“I hate school.”
If you’ve ever heard those three words come out of your child’s mouth, you’ve probably felt sad and helpless—wondering what you can do to make things easier for your child. However, what you may not fully understand is the meaning behind and complexity of your child’s declaration. For many children, academic struggles tend to snowball into a variety of other problems, such as self-esteem and behavioral issues and more.
What’s actually going on
In his book, “Why Don’t Students Like School?” cognitive scientist Dan Willingham discusses how the mind works and what it means for the classroom—and notes that “if schoolwork is always just a bit too difficult for a student, it should be no surprise that she doesn’t like school much.” For students to enjoy school more, Willingham says, they must consistently experience the satisfaction that comes with successfully solving a problem. Without the proper foundational skills, however, students are ill-equipped to do so.
Children are naturally curious, but it’s also a natural inclination to give in to frustration, tune out and give up if schoolwork is too difficult for them. Certainly, each child’s circumstances are different, but most school problems can be attributed to a child becoming disengaged with and/or overwhelmed by the work that is expected of them. And as problems persist, children feel hopeless that they will ever be capable of doing better.
Discovering the problem
While it is important to communicate with your student and his or her teacher, it may take deeper digging to get a good understanding of what exactly is causing your child to struggle. You’ll need to identify specifics about your child’s academic performance, then analyze further.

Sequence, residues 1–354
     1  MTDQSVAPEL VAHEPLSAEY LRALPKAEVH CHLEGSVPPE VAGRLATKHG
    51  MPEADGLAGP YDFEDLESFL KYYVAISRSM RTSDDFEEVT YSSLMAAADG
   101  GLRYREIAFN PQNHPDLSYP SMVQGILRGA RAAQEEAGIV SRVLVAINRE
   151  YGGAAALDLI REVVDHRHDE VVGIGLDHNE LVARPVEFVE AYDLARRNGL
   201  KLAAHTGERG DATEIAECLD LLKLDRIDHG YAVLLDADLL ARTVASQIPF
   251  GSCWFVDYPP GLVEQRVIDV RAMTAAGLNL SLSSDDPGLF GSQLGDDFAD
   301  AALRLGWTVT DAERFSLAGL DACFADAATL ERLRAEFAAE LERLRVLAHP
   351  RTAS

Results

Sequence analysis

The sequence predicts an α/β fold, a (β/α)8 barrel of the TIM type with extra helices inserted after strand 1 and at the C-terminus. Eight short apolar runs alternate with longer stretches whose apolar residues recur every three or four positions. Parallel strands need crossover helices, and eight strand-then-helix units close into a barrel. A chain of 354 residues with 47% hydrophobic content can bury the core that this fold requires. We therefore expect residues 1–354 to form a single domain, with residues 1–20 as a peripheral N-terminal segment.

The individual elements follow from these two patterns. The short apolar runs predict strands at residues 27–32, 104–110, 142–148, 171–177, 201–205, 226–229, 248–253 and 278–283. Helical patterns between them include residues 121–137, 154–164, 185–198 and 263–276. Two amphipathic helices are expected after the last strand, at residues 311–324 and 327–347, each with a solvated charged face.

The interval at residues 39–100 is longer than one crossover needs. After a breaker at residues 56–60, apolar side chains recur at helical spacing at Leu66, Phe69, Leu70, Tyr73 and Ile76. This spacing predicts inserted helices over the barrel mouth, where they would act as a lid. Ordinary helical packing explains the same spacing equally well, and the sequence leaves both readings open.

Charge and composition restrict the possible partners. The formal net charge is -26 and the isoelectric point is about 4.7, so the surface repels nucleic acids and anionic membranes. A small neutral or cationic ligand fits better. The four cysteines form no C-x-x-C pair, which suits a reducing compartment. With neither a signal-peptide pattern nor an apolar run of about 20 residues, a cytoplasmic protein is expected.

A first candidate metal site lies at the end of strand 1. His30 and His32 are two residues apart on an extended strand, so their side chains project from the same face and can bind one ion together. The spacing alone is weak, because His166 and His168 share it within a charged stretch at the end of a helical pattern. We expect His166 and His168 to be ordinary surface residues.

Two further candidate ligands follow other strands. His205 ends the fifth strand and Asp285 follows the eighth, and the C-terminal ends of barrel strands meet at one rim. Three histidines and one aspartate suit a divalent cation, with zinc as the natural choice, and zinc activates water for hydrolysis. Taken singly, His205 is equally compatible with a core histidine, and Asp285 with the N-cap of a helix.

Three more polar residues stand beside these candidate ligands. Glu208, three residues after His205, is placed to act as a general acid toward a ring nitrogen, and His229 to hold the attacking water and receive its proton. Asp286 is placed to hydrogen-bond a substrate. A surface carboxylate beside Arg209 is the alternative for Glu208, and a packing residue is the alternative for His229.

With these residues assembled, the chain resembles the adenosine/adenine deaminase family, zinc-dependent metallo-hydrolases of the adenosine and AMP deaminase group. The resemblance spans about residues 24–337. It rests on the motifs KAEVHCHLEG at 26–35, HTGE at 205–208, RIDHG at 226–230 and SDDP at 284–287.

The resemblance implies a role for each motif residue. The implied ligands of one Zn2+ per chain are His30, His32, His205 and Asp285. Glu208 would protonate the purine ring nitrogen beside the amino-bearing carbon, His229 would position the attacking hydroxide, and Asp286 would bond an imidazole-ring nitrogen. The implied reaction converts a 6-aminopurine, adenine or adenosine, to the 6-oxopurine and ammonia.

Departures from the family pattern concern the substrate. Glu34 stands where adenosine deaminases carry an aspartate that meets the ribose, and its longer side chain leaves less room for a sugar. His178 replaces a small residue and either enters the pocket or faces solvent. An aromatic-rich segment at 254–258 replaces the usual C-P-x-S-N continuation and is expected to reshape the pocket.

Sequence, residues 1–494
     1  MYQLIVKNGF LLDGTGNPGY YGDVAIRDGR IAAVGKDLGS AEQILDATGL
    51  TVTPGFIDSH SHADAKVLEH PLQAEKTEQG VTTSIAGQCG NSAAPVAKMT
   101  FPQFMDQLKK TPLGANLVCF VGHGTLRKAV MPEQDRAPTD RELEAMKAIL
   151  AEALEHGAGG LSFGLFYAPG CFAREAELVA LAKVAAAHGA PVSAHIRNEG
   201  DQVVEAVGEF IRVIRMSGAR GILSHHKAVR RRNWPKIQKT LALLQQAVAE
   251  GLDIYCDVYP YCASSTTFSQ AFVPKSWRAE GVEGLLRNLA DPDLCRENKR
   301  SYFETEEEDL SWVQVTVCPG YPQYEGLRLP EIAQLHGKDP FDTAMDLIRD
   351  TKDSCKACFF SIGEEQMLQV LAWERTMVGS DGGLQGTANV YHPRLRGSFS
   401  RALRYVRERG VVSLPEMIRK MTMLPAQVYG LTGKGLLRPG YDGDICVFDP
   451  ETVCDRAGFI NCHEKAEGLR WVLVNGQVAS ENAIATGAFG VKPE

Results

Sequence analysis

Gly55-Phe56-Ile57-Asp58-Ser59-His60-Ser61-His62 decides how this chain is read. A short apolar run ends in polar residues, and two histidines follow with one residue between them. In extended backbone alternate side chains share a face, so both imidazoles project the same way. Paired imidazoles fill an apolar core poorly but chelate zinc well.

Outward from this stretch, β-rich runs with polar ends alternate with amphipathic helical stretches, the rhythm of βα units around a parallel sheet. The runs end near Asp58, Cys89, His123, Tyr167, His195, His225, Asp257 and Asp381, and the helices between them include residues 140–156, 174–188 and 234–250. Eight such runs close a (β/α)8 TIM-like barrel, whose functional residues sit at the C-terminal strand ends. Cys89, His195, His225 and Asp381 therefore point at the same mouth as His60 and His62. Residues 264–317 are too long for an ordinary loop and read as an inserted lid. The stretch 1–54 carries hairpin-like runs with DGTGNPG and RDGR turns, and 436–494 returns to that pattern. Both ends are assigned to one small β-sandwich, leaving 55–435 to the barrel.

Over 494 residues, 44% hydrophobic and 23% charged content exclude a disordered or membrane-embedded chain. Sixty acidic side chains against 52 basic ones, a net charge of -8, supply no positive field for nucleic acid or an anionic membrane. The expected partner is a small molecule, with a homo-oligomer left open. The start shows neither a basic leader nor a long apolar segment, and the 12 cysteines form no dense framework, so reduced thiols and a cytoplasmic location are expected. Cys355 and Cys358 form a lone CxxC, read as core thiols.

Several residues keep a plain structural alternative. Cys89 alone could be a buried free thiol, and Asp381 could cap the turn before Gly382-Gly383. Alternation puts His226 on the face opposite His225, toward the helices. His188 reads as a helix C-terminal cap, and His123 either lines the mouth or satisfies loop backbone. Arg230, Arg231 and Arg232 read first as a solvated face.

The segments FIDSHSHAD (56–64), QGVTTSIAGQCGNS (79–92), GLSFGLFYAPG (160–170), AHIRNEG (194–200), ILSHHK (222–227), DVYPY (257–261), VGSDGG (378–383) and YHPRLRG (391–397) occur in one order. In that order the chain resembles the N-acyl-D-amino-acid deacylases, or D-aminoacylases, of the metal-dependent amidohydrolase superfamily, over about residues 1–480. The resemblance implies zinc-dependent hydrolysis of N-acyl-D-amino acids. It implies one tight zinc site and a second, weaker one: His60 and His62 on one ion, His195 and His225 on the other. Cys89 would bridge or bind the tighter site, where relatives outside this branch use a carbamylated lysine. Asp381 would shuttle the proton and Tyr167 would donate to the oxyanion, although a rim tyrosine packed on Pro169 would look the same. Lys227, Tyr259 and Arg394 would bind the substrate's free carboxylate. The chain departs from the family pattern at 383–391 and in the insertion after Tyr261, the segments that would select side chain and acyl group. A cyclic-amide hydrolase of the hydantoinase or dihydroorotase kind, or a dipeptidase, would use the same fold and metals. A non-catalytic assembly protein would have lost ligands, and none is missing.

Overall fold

For example, if reading is hard for your child, it’s important to pinpoint what skill gaps are causing him or her to fall behind grade level. Is your student struggling to differentiate and hear individual letters and letter blends? Or is the problem spelling and vocabulary? At Huntington Learning Center, teachers perform an academic evaluation of every student, which provides detailed information about a student’s academic strengths and weaknesses and is a starting point for instruction.
Correcting the problem
Unfortunately, there is no such thing as a one-size-fits-all approach to tutoring. Therefore, targeted instruction is the best method. You will have the best chance of success in helping your child succeed in school if you pinpoint and correct the specific underlying challenges.
Keep in mind that it may take time for such a program to yield results. Your child will need to put in the effort and you will need to keep in touch with your child’s teacher, tutor and your child. It may surprise you, but your child may even welcome the assistance, as he or she will finally be able to get the help he or she needs.
If you continue to hear your child complaining about school, don’t wait to seek help. The sooner you step in and develop a plan of action, the sooner your child will be able to catch up in class, raise those grades and boost his or her confidence.